It's not important who does the planting, or who does the watering. What's important is that God makes the seed grow. - 1 Corinthians 3:7
BLOG - MASTER GARDENER PROGRAM
From the Desk of George Place: Renee Miller, Joe Long and Michele Long will be graduating for the Advanced Gardener 2018 program. The graduation party is Dec 4, 5:30 to 7 PM at the Newton Library. Here are the names (and years of program completion) that I have for the 2018 Advanced Gardener Graduation:
Deborah Stamper (3)
Gordon Hicks (3)
Deb Dowling (3)
Lee Cox (3)
Jean McAnulty (3)
Renee Abernethy-Miller (1)
Peggy McCosh (3)
Susan Bisulca (3)
Roberta Maddox (2)
Susan B. Anderson (3)
Alton Johnson (3)
David White (3)
Margy Natalie (1)
Pat Wilson (3)
Dean Guest (3)
Jo Edwards (3)
Joe Spears (3)
Joe Long (1)
Michele Long (1)
Lisa Lemons (2)
Master Gardener programs (also known as Extension Master Gardener Programs) are volunteer programs that train individuals in the science and art of gardening. These individuals pass on the information they learned during their training, as volunteers who advise and educate the public on gardening and horticulture.
Congratulations to Michele Long, Joe Long and Renee Abernethy-Miller for successfully completing the 2018 Advanced Gardener Program. They were Awarded the Title of Certified Advanced Gardener (Level 1) Certification tonight. Hickory Greenway Harvest have 3 Master Gardeners on their team now. This was very rewarding and NC Extension Office recognizes HGH as making a difference in the community.
We are so proud. Please share and like. Thanks to Dr. George Place
our Catawba County Extension Director.
Renee Abernethy-Miller, Co-Founder of HGH joined Dr. George Place, Catawba County Cooperative Extension Director, in a presentation about pruning trees, shrubs, bushes and vines at Newton Library on Wednesday Night, January 10th at 6:30 p.m. From hydrangeas to blueberries, pruning is something that everyone can do to improve the health of their landscape and fruit producing plants. This presentation is part of our Advanced Gardener series designed to help both beginner and advanced gardeners enjoy all of the health, enjoyment and learning that comes from managing the home landscape and growing some of your own produce. All presentations in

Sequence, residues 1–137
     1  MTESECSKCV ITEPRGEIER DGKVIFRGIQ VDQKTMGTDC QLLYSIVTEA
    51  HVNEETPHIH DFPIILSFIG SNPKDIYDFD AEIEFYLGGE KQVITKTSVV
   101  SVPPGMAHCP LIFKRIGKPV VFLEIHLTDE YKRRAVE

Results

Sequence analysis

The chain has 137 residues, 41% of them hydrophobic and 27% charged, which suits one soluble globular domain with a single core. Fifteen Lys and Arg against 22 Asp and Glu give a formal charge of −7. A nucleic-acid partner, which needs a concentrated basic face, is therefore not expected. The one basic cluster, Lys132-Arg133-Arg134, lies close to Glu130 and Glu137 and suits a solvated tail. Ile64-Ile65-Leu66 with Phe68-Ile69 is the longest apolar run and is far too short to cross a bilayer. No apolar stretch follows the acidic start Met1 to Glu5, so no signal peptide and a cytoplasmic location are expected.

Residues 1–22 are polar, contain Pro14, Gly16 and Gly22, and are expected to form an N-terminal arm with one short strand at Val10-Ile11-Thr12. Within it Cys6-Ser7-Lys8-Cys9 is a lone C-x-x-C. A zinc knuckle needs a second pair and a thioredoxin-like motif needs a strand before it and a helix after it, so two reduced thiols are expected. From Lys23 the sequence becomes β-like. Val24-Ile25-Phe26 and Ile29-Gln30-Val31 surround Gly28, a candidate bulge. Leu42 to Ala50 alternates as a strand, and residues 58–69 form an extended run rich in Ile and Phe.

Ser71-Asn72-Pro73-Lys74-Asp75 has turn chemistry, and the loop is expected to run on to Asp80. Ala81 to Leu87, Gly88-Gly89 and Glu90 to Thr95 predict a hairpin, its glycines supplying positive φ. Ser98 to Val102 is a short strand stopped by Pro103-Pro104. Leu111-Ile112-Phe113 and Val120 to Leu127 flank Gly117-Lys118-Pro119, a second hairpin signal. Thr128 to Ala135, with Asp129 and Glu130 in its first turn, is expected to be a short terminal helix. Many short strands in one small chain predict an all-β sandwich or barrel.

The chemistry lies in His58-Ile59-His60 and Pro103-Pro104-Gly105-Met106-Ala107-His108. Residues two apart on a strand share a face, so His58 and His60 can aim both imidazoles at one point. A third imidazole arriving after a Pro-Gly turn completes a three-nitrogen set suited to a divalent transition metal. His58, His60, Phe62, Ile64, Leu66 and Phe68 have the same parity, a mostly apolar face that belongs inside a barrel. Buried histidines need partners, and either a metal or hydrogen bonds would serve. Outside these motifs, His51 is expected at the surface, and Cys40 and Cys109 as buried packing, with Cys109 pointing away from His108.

the series are free and open to the public. Michele Long, Vice President and Treasurer with her husband Joe Long have signed up for the 11 month Master Gardener Program 2018.
Read about Organic Gardening.
Herbaceous ornamentals are plants that have flexible stems and die back to the ground each year. Unlike woody ornamentals, they do not develop persistent woody tissue that lasts through the winter and develop new buds in the spring. Herbaceous ornamentals are divided into annuals, biennials, or perennials based on their life cycles. Annuals die after a growing season. They are sensitive to temperatures that are either too hot or too cold. With biennial and perennial plants, the stems die back, but the crown of each plant survives to produce new growth the following season. These life cycles can be influenced by geography. In the cooler mountain region of the state, a plant may grow as an annual. But in the coastal region, it may grow as a perennial. Herbaceous ornamentals provide interest and contrast that make a landscape lively and interesting. These plants also add depth, dimension, form, and texture to the landscape. Their flowers are often the stars of the garden, providing enchanting colors and fragrances. This chapter provides information on how to select, install, and maintain herbaceous ornamentals, and how to address common problems associated with these plants.
For centuries, gardeners have made compost and used it to improve their garden soil. Today’s gardeners also see the importance of composting as an alternative to burning or disposing of organic materials in landfills. Food scraps and yard debris comprise 28% of the solid waste generated in the United States (US EPA, 2011).
Many people are surprised that the largest category of waste being thrown away is food residuals—over 21% of the total. Instead of being discarded down sink drains or in the garbage, food waste can easily turn into a valuable soil amendment for a landscape, garden, or lawn.
If you questions about Grasses and Weeds. Go to NC Extension website.
Source: NC Extension (Catawba County) website